I know this can be a challenge if you have a full-time job and only can work on your blog at night. That used to be my biggest frustration! You just have to bite the bullet and dedicate one weekend morning or afternoon to taking pictures. Try to plan ahead so that you shoot three or four blog posts’ worth of pics so you won’t have to worry about it the next couple weekends.
Shoot Against a Plain Background
I personally prefer light (white if possible) backgrounds, but any solid color will do! The biggest thing is you don’t want there to be a bunch of clutter for the camera to focus on. Because you’re initiating the self timer before stepping into the frame, the camera won’t know to focus on you. If you’re shooting against a plain background, this isn’t a big problem. But if the camera has focused in on your refrigerator and then you step into the frame closer to the lens, you’ll be blurry (but the fridge will look fab!).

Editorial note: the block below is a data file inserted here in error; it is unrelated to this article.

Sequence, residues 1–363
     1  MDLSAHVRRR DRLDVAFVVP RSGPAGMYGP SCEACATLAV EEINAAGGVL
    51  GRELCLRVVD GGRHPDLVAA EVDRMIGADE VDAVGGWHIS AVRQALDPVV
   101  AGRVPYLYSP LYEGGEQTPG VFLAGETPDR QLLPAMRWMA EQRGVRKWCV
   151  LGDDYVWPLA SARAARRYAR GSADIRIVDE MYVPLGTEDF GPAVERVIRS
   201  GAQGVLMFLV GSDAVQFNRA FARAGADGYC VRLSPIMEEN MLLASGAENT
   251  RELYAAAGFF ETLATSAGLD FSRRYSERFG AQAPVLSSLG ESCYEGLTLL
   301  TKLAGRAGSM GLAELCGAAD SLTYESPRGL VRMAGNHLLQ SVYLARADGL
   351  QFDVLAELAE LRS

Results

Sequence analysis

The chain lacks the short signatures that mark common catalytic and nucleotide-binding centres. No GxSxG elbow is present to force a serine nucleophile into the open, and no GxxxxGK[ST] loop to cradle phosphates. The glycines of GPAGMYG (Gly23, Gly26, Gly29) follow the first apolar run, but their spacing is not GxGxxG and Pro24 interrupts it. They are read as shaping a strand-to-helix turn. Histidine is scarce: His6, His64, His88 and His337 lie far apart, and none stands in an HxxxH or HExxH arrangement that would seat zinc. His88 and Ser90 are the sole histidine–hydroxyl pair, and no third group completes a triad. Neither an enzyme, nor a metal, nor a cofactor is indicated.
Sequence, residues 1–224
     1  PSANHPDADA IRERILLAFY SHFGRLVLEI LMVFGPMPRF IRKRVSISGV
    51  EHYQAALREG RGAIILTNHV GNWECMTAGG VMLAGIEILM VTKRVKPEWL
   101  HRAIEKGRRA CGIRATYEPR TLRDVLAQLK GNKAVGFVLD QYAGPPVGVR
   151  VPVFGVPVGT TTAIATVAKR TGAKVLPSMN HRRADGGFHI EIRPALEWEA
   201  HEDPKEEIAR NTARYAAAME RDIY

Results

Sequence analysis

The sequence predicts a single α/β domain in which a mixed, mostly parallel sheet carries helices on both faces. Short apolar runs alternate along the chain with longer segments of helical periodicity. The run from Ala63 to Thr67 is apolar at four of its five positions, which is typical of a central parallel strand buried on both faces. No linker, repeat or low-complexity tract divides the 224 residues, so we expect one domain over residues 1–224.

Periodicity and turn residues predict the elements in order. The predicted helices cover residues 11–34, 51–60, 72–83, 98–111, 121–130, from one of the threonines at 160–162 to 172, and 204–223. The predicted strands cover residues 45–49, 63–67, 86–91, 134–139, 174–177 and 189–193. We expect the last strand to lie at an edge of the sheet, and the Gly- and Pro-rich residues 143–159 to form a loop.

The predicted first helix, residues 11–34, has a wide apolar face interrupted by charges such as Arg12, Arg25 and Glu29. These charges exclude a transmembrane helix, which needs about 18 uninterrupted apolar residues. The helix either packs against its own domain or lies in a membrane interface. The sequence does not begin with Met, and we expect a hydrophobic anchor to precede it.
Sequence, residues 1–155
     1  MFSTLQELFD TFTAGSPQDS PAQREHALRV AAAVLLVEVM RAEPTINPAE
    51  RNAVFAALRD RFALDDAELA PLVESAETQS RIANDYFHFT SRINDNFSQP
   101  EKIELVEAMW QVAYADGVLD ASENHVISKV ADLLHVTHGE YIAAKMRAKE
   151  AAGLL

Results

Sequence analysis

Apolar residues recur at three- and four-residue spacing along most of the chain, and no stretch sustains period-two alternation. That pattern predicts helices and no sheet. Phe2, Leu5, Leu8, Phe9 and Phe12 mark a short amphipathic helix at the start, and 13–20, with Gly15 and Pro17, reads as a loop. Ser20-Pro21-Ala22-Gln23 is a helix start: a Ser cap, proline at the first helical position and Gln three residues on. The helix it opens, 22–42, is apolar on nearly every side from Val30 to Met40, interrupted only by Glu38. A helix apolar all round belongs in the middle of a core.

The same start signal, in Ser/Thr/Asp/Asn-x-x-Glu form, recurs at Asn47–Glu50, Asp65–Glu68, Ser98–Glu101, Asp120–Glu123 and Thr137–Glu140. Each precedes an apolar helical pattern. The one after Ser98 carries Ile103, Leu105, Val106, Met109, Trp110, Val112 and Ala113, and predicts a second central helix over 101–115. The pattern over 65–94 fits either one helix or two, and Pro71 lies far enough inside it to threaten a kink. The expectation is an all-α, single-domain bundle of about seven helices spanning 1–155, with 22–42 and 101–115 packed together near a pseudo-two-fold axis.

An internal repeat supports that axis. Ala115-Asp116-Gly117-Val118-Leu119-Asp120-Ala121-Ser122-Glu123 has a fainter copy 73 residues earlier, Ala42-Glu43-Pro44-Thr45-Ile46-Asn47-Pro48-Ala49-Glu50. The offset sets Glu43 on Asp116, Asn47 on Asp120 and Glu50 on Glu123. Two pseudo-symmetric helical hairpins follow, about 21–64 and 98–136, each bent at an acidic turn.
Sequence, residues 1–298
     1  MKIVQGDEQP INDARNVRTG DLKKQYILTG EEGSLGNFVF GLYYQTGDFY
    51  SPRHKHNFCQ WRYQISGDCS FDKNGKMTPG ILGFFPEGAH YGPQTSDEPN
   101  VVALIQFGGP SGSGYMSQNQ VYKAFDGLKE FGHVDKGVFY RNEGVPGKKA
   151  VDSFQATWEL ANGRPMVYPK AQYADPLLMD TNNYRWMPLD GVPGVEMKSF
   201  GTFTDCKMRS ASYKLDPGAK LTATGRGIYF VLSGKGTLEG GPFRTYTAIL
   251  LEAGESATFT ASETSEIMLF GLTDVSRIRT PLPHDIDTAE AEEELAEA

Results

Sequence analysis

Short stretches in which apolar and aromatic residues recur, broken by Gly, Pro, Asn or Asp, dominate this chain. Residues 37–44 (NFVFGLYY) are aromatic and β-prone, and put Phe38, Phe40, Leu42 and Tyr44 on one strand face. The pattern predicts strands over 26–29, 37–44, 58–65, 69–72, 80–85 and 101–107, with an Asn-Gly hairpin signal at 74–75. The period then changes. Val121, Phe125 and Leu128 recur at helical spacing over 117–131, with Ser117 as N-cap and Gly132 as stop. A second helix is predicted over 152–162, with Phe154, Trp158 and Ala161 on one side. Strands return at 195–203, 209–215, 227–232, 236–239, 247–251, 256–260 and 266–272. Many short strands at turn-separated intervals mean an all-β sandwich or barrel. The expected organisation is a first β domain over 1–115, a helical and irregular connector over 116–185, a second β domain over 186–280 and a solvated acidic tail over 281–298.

Stand close to your background in the picture. The camera is focusing in on your background when you start the self-timer clock. Stand close to the background so you’ll be in focus, too.
Use a Tripod
I used to create these giant towers out of furniture so that I could prop my camera up on something high enough to get my full body in a picture—what a hassle! A tripod is well worth the investment (THIS is the tripod I have, but don’t be discouraged by the $160 price tag—you can find much cheaper options). A tripod like the one I have also allows you to position your camera at an angle, which can be crucial in getting a picture that best demonstrates the exercise and is flattering. Which brings me to my next tip …
Know Your Angles